by Maud Kersnowski
Executives of a new independent film magazine are backing away from plans
to sell all editorial space to advertisers, contradicting an introductory
promotional packet distributed recently. Instead, the magazine, called
"Indie", will follow a more traditional format when it launches this
"Indie's" executives recently disavowed any intention of publishing
articles paid for by a film or studio. "Indie's cover will never be sold,"
according to Editor-in-Chief and Publisher Joseph Steuer, a former writer
for "The Hollywood Reporter." "And at this moment, the articles are not
for sale," said Steuer. He confirmed, however, that sections of the
magazine may be sponsored by advertisers.
A marketing packet, which discussed selling editorial space, was sent to
independent film organizations by mistake, according to "Indie's"
Publications Director Kevin Hyson. "We're kicking ourselves that it ever
went out," Hyson told indieWIRE recently.
While Hachette Filipacchi Custom Services Manager Dawn Erickson refused
to comment on why the packet was sent out, Steuer told indieWIRE yesterday
that the information was prematurely distributed by a consulting firm hired
by Hachette, the magazine's owner, to acquire mailing lists for the magazine.
The concept that every page could be bought by advertisers was one of
several prototypes of the magazine. A prototype was nixed in development,
but not before brochures were sent touting, "Every page including the Front
Cover, is available to an advertiser for sponsorship."
The criticism of the marketing packet from film journalists and the
independent film community centered on the packet's implication that P.R.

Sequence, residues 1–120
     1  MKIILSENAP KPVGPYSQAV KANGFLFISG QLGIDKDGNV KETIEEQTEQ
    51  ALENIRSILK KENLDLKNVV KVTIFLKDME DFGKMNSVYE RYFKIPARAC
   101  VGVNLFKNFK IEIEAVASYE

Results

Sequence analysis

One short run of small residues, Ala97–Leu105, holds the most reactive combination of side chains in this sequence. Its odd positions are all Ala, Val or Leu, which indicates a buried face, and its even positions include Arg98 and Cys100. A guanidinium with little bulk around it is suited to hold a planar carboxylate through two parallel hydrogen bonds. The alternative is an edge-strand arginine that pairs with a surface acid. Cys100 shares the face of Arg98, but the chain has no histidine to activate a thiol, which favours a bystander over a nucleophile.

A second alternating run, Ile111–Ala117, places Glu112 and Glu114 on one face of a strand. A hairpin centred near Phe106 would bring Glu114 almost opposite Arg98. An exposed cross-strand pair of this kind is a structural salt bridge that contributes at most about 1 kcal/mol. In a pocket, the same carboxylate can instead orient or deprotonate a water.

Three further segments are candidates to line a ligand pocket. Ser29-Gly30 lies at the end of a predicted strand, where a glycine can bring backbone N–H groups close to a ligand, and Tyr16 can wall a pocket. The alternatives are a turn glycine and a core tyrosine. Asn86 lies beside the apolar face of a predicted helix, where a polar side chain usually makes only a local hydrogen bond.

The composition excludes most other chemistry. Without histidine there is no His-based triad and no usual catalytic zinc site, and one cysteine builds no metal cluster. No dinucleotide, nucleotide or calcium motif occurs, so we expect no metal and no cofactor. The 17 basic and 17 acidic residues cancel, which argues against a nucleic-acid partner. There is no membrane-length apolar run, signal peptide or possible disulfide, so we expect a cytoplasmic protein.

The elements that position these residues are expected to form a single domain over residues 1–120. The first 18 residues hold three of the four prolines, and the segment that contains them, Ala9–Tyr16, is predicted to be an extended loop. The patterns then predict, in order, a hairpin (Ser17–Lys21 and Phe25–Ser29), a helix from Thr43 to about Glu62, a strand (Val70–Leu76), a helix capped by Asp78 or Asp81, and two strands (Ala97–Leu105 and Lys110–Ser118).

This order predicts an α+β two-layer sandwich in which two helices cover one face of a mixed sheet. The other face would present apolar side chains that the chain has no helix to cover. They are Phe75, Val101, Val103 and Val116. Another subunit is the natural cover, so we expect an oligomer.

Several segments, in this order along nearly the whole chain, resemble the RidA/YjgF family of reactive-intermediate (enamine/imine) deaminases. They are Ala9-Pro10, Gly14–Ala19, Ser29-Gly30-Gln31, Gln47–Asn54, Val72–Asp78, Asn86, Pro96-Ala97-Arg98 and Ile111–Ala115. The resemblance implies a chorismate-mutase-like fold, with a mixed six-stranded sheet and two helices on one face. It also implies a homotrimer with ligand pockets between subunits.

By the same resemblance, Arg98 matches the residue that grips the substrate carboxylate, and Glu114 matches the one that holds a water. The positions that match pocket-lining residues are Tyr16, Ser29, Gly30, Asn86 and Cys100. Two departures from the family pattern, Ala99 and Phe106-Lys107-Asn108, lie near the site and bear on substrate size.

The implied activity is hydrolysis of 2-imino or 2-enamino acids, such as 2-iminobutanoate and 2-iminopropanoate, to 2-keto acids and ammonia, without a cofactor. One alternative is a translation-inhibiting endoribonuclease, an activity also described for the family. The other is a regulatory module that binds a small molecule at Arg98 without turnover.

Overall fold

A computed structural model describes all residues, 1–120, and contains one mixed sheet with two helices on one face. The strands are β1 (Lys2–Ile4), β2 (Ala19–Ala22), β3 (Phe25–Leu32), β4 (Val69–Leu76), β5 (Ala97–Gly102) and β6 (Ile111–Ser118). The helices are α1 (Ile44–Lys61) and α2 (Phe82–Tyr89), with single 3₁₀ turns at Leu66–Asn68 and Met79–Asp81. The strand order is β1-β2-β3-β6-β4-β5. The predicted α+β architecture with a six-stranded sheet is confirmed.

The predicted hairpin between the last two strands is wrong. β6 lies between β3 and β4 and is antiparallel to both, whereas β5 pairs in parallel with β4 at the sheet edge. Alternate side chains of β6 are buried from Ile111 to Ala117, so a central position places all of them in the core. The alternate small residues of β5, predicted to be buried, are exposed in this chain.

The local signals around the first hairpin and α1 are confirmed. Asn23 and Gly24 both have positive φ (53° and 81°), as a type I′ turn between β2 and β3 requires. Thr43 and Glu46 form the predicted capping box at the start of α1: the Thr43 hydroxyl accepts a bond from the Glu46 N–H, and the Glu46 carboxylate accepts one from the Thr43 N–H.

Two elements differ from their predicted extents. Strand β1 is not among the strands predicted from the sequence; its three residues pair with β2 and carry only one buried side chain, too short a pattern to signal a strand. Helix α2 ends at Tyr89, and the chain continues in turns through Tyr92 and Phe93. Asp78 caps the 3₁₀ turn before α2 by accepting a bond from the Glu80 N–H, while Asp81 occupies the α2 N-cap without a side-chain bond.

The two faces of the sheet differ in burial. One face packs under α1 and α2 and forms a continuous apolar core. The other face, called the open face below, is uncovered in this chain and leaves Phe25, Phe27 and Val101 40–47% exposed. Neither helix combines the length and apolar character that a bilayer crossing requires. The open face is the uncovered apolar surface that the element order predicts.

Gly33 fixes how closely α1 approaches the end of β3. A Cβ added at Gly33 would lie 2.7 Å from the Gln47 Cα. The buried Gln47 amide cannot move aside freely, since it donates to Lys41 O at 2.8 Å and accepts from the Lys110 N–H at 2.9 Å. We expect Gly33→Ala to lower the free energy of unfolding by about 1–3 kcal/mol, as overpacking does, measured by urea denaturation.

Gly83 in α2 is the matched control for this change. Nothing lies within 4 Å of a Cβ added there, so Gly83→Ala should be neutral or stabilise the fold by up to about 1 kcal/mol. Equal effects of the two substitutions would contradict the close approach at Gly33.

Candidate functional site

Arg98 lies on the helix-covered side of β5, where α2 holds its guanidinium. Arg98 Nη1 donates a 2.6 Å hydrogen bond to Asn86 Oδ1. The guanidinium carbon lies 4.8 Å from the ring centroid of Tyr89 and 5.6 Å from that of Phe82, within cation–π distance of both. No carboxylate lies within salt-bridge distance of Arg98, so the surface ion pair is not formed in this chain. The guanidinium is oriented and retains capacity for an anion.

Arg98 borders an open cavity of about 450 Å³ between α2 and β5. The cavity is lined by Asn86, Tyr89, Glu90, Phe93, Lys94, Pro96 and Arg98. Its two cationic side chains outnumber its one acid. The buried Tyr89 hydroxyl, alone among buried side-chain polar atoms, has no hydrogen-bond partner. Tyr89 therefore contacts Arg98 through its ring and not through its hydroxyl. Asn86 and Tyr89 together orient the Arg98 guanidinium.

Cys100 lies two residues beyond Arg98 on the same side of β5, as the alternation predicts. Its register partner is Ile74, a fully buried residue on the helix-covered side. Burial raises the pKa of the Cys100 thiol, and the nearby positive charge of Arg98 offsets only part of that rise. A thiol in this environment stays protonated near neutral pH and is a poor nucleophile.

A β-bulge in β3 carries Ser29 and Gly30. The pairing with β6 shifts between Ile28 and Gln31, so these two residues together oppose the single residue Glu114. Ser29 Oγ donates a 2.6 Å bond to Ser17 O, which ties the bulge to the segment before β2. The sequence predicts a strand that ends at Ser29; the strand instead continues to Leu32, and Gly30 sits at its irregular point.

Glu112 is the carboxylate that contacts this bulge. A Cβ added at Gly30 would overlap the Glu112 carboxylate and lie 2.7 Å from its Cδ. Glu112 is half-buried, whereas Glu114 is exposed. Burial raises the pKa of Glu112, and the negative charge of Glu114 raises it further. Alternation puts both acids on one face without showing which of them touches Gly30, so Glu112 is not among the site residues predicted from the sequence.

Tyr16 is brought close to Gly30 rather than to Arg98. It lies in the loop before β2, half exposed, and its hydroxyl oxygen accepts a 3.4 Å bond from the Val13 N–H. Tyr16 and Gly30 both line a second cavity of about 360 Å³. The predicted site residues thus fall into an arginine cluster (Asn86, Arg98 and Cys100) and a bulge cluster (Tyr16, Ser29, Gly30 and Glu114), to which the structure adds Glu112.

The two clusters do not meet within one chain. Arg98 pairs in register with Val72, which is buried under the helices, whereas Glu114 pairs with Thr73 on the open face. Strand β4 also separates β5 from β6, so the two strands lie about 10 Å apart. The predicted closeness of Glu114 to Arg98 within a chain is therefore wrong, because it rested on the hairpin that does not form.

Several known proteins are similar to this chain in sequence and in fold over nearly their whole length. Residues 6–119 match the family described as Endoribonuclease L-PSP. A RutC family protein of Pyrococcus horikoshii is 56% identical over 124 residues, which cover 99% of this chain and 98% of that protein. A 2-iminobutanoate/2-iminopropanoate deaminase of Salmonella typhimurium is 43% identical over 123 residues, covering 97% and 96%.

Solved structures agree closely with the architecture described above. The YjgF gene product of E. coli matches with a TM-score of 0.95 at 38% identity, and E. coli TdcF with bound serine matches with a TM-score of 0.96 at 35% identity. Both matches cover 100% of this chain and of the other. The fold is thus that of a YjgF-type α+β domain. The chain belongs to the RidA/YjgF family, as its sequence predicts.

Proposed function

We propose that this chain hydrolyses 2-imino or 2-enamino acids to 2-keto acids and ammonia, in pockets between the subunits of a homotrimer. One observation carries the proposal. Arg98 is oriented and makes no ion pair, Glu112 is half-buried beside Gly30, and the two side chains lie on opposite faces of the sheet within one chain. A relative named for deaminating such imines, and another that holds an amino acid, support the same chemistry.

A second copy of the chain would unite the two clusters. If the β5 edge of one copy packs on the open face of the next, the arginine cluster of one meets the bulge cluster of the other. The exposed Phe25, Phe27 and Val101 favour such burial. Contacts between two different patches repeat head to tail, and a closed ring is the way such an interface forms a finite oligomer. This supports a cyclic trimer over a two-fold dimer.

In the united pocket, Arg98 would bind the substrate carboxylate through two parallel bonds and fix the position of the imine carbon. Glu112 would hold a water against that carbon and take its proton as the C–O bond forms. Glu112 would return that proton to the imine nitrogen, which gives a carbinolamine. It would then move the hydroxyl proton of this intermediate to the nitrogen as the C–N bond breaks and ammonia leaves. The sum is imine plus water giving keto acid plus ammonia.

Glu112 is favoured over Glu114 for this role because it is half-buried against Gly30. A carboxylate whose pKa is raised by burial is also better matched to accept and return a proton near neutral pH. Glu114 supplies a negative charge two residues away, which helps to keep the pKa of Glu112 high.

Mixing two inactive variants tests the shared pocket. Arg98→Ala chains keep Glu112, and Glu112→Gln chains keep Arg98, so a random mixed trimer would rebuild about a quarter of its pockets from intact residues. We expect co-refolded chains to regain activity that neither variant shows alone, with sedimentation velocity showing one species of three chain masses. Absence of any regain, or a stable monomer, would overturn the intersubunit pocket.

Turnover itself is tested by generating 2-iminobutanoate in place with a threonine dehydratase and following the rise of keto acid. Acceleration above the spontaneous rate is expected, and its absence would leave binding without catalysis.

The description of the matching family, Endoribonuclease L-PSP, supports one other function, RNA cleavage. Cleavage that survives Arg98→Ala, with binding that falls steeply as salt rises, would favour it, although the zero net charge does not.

and marketing personnel would control the magazine's content. "Indie's
editors will work with a film's marketing and promotional staff to develop
a story about the movie, an interview with the director or stars, a
synopses of the film, a pre-release review, behind the scenes gossip, a
special column etc.," the packet proclaimed.
While the latest concept for Indie's editorial content is different, the
targeted audience remains the same. Indie will be free magazine mailed to
independent film viewers . This distinguishes it from magazines with more
industry-focused readerships, such as "FILMMAKER" and "The Independent Film
and Video Monthly". According to Steuer, the new magazine targets film
patrons rather than filmmakers. He added that Indie's mailing list is
being culled from various organizations, including film festivals,
screenings, and seminar series' & museums. Steuer offered that Hachette is
spending over six figures building a list that is targeted to reach 250,000
The magazine's articles will contain the usual movie magazine staples:
features, columns, interviews and behind-the-scenes stories. Films
distributed by studio specialty divisions make up the bulk of the content.
The amount of space devoted to smaller films and non-features, such as
documentaries, shorts, and animated films, remains to be decided, according
to Editor-in-Chief Steuer.
The basic article format is similar to "Premiere" magazine, also owned by
Hachette Filipacchi, but "Indie" executives are distancing the new
publication from its more established sibling. "We're not like 'Premiere',"
says Steuer. A source close to Premiere told indieWIRE that Indie's
reluctance to associate itself with the older magazine may have arisen from
Premiere's staff bristling at the implication, made by a recent trade
publication article, that "Indie" was a "Premiere" spinoff.